Oracle Squashes 53 Critical Bugs in April Security Update

oracle critical security update

Overall Oracle patched 297 flaws across multiple product as part of its April security update.

Oracle is urging customers to patch critical vulnerabilities in its products as part of its massive April update, which fixes a whopping 297 flaws.

Of those flaws, 53 vulnerabilities in Oracle products had a CVSS score of 9.0 or higher, making them “critical” severity – and in fact, 49 of those critical flaws had a CVSS score of 9.8. Products with the most vulnerabilities as part of this quarterly patch include the Oracle Fusion Middleware, the Oracle E-Business Suite and Oracle MySQL.

Oracle recommends that its customers update as soon as possible as many of the vulnerabilities are critical and could be exploited remotely without authentication.

“Oracle continues to periodically receive reports of attempts to maliciously exploit vulnerabilities for which Oracle has already released fixes,” according to the company’s Wednesday advisory. “In some instances, it has been reported that attackers have been successful because targeted customers had failed to apply available Oracle patches. Oracle therefore strongly recommends that customers remain on actively-supported versions and apply critical patch update fixes without delay.”

Oracle Fusion Middleware, its digital business platform for the enterprise and the cloud, had the most vulnerabilities, with 53 flaws patched. Forty-two of those flaws could be remotely exploitable without authentication, Oracle said, meaning they may be exploited over a network without requiring user credentials.

Up to 14 of the flaws in Fusion Middleware had a CVSS score of 9.8, making them critical. That includes a critical remote code-execution flaw (CVE-2016-1000031) in Fusion Middleware that impacts the Oracle API Gateway, and a stack-based buffer overflow flaw (CVE-2019-3822) in Oracle HTTP Server.

Oracle E-Business Suite, its integrated set of business applications that includes supply-chain management and resource-planning tools, has 35 vulnerabilities; 33 of which could be remotely exploitable without authentication.

That includes a vulnerability (CVE-2019-2663) that has a CVSS base score of 8.2. The flaw if exploited allows unauthenticated attacker with network access via HTTP to compromise Oracle Advanced Outbound Telephony.

“Successful attacks of this vulnerability can result in unauthorized access to critical data or complete access to all Oracle Advanced Outbound Telephony-accessible data as well as unauthorized update, insert or delete access to some of Oracle Advanced Outbound Telephony accessible data,” according to Oracle.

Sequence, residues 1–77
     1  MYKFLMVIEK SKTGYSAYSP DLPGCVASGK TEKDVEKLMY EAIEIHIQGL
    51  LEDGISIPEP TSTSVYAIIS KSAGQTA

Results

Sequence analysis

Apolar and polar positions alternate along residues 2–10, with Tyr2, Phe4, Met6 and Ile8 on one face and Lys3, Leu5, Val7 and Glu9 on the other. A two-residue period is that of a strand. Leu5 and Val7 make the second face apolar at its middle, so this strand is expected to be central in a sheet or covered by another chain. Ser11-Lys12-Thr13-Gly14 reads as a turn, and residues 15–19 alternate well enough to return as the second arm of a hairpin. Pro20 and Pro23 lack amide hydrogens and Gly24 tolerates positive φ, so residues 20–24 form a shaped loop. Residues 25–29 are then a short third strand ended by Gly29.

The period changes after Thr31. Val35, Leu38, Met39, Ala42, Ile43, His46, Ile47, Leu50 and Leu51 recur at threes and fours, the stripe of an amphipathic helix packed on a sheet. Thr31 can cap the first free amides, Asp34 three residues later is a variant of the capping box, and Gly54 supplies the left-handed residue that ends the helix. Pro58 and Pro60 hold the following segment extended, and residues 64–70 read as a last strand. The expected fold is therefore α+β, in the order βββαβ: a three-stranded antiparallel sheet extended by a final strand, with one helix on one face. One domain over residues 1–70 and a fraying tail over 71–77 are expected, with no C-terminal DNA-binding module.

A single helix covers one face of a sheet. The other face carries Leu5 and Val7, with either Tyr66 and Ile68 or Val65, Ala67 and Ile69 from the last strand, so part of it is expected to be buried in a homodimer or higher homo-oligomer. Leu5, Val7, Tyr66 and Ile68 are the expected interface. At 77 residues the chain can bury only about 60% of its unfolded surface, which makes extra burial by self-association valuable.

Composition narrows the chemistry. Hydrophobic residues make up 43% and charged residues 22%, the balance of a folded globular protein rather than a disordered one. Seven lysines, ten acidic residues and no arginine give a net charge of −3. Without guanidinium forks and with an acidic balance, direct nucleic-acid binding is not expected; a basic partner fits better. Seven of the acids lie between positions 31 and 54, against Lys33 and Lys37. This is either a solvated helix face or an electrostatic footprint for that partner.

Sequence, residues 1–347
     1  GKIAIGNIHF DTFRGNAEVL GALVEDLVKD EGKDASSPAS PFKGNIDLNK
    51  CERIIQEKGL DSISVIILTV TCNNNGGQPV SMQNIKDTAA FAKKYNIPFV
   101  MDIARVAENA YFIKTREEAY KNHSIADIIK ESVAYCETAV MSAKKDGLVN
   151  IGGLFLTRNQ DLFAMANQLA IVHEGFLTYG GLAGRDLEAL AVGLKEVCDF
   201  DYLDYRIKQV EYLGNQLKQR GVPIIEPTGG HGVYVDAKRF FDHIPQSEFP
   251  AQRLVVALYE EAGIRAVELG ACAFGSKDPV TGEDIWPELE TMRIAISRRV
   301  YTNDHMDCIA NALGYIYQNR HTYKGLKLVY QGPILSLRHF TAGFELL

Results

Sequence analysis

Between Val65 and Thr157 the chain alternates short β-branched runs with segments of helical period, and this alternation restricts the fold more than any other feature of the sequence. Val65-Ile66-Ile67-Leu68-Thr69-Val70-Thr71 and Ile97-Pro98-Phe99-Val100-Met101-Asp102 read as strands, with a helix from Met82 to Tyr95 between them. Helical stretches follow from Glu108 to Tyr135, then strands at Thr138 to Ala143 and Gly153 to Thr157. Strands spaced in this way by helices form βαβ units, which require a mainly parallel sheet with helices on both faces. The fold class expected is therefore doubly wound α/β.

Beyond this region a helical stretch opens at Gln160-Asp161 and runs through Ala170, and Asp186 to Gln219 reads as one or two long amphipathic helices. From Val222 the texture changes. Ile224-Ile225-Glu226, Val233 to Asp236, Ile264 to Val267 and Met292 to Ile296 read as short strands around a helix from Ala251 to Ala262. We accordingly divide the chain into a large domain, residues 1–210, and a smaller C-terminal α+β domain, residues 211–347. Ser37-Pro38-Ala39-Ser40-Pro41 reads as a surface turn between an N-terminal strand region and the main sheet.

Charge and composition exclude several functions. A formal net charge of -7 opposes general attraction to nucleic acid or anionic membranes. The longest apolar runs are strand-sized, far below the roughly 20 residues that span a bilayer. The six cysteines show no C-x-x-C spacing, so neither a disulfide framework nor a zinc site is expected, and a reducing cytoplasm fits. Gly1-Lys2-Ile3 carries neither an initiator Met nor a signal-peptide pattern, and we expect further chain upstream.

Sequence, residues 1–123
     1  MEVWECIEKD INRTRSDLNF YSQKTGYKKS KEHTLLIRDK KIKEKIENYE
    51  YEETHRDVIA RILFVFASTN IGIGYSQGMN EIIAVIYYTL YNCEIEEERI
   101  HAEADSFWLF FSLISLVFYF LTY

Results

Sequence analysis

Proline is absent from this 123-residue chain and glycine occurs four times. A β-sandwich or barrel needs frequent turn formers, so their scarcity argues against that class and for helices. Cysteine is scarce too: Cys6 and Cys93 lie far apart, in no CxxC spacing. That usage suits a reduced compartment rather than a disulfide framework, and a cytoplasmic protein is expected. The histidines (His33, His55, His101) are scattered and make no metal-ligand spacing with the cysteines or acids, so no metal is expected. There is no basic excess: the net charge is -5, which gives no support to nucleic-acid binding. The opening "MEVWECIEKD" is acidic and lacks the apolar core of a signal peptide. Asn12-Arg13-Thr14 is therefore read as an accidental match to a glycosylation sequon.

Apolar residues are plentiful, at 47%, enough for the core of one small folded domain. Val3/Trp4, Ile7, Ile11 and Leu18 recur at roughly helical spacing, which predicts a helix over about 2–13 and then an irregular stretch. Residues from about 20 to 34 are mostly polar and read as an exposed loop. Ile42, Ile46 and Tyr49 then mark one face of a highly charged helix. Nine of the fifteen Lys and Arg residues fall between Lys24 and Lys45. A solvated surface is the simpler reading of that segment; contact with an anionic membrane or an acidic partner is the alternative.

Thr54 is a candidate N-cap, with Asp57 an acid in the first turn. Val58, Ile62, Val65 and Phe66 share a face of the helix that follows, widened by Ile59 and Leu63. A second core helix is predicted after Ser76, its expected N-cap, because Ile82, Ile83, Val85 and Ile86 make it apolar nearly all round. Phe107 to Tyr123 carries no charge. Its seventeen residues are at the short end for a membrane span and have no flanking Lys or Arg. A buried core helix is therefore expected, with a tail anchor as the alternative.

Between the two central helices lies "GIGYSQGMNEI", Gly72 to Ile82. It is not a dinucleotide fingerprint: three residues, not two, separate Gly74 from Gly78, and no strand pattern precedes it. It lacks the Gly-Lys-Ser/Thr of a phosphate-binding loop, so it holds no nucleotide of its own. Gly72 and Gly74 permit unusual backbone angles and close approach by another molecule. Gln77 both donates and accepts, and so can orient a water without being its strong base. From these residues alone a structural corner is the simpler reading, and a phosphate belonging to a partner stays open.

MySQL, Oracle’s open-source relational database management system, meanwhile has 45 vulnerabilities, four of which may be remotely exploitable without authentication. The highest severity of the MySQL vulnerabilities has a CVSS score of 7.5, according to Oracle.

Other products that were riddled with vulnerabilities Oracle Communications Applications, which had 26 new security fixes (19 of which could be remotely exploitable without authentication); Oracle Retail Applications, which had 24 security fixes (20 of which could be exploited remotely without authentication); and Oracle Virtualization which had 15 security flaws (three of which were remotely exploitable without authentication).

Other impacted products in the advisory include Oracle Enterprise Manager, Oracle’s Banking Platform and Oracle Supply Chain Products.

“One thing that has always stood out to me is the number of vulnerabilities in Oracle software that are remotely exploitable without authentication,” Chris Goettl, director of product management for security at Ivanti, told Threatpost. This is the type of vulnerability a threat actor is going to use to possibly gain a foothold in your environment, but more often to move around your network very easily.”

Goettl told Threatpost that remotely exploitable vulnerabilities are “low-hanging fruit for an attacker.”

“They can utilize them without having to target a user, which is also a bonus since many of the Oracle products are running on servers where targeting a user is often not an option,” he said. “They also know companies struggle to keep products like Java, Fusion Middleware, PeopleSoft and more up to date because of breaking changes and business constraints. This means they get a long life out of exploits they acquire or develop.”

Oracle’s last critical patch update, in January, issued slightly fewer fixes, patching 284 vulnerabilities.

Don’t miss our free Threatpost webinar, “Data Security in the Cloud,” on April 24 at 2 p.m. ET.

A panel of experts will join Threatpost senior editor Tara Seals to discuss how to lock down data when the traditional network perimeter is no longer in place. They will discuss how the adoption of cloud services presents new security challenges, including ideas and best practices for locking down this new architecture; whether managed or in-house security is the way to go; and ancillary dimensions, like SD-WAN and IaaS.

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